Thousands in Alabama will be recognized for their military service with parades, speeches and salutes Monday -- Veterans Day.
Admiral Robert J. Natter, commander in chief of the U.S. Atlantic Fleet, is the invited speaker for the World Peace Luncheon Monday in Birmingham, followed by the city's annual veterans parade.
Retired Army General Wesley Clark, Mobile's Patriot of the Year, is scheduled to address the port city's veterans luncheon, followed by a concert Monday evening at Battleship Memorial Park.
In Huntsville, veterans have a chance to create a permanent record of their memorable military experiences in an oral history project. Congress authorized the Veterans History Project two years ago, recognizing that older veterans are dying.
Veterans from the Korea, Vietnam and Persian Gulf wars, will be honored with parades Monday, and are encouraged to share their stories at the Huntsville-Madison County Public Library.
In Montgomery, the Central Alabama Chapter of the Vietnam Veterans of America will hold its annual flag disposal ceremony Monday at 11 a.m. at Greenwood Cemetery.
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Origins of Veterans Day
- In 1921, an unknown World War I American soldier was buried in Arlington National Cemetery. This site, on a hillside overlooking the Potomac River and the city of Washington, became the focal point of reverence for America's veterans.
- Similar ceremonies occurred earlier in England and France, where an unknown soldier was buried in each nation's highest place of honor (in England, Westminster Abbey; in France, the Arc de Triomphe).
- These memorial gestures all took place on Nov. 11, giving universal recognition to the celebrated ending of World War I fighting at 11 a.m., Nov. 11, 1918 (the 11th hour of the 11th day of the 11th month).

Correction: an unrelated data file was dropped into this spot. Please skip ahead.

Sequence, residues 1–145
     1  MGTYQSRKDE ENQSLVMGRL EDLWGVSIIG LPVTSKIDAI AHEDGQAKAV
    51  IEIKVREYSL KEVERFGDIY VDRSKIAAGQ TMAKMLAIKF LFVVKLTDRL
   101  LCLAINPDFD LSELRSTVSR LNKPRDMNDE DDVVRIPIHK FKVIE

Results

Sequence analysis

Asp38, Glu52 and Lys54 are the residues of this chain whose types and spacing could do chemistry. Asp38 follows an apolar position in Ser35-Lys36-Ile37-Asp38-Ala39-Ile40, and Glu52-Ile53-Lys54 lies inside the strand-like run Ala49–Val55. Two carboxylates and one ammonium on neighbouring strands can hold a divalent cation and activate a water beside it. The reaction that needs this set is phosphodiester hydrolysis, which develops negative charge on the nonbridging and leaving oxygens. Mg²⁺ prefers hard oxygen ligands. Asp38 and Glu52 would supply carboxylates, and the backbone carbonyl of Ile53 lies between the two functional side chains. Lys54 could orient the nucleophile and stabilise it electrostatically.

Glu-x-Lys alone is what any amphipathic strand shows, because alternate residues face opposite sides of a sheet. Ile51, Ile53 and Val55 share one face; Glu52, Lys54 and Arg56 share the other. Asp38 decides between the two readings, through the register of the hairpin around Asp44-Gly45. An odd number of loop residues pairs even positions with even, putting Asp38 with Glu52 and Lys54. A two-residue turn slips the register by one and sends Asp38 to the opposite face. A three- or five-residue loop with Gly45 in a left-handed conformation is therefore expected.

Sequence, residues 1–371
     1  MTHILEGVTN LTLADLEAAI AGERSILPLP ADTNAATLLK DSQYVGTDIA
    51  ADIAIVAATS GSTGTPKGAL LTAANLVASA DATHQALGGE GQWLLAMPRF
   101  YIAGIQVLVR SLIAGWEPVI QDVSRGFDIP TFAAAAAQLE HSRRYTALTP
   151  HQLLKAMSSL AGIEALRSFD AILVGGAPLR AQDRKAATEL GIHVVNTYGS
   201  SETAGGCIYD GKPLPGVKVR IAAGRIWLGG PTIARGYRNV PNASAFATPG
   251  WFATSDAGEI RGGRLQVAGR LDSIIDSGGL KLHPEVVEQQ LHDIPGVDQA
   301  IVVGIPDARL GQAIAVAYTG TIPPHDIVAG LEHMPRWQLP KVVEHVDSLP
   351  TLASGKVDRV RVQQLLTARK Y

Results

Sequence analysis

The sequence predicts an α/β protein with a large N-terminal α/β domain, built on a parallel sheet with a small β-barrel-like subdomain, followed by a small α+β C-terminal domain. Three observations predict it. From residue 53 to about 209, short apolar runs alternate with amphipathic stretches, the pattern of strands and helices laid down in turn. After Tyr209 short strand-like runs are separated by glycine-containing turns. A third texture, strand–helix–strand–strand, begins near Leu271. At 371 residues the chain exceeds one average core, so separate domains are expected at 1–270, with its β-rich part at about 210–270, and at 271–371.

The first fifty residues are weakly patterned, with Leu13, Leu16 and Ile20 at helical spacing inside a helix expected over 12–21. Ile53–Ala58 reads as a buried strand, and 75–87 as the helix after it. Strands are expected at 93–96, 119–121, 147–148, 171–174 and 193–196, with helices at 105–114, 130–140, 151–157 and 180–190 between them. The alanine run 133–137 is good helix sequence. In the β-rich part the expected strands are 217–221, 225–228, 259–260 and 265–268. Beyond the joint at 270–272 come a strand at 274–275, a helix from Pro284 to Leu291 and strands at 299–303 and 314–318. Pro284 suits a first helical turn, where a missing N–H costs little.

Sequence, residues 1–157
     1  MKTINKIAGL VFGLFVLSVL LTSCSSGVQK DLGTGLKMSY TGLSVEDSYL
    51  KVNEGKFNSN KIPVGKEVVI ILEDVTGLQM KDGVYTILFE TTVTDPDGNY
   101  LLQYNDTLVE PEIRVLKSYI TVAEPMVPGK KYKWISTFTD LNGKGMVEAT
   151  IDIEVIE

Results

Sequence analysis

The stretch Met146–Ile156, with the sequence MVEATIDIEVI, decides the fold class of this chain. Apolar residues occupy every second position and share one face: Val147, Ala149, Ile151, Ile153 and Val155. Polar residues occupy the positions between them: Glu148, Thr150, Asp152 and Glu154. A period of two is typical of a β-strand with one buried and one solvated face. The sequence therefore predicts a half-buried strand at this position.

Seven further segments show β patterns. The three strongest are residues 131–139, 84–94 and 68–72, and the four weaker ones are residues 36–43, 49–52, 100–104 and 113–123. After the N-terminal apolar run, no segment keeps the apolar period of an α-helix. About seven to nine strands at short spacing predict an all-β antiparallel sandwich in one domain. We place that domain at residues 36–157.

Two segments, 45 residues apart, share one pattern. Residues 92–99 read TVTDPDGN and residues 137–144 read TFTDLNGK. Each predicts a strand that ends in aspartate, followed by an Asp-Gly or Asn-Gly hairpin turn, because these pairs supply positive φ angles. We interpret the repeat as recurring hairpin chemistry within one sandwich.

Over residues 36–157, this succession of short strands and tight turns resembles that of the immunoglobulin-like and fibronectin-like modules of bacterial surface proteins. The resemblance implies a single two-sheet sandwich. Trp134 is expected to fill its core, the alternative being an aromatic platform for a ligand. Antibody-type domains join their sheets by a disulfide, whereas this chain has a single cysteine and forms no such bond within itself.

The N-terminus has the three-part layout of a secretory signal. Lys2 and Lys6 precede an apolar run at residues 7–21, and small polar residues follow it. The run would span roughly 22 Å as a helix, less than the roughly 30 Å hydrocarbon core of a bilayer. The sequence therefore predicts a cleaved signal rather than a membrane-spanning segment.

- The day became known as "Armistice Day.” Armistice Day officially received its name in America in 1926 through a Congressional resolution.
- It became a national holiday 12 years later by similar Congressional action. If the idealistic hope had been realized that World War I was "the War to end all Wars," November 11 might still be called Armistice Day. But, only a few years after the holiday was proclaimed, war broke out in Europe.
- Sixteen and one-half million Americans took part. Four hundred seven thousand of them died in service, more than 292,000 in battle.
- Realizing that peace was equally preserved by veterans of WW II and Korea, Congress was requested to make this day an occasion to honor those who have served America in all wars. In 1954, President Eisenhower signed a bill proclaiming Nov. 11 as Veterans Day.
- The focal point for official, national ceremonies for Veterans Day continues to be the memorial amphitheater built around the Tomb of the Unknowns. At 11 a.m. on Nov. 11, a combined color guard representing all military services executes "Present Arms" at the tomb.
- The nation's tribute to its war dead is symbolized by the laying of a presidential wreath. The bugler plays "taps." The rest of the ceremony takes place in the amphitheater.
Source: www.vfw.org contributed to this report.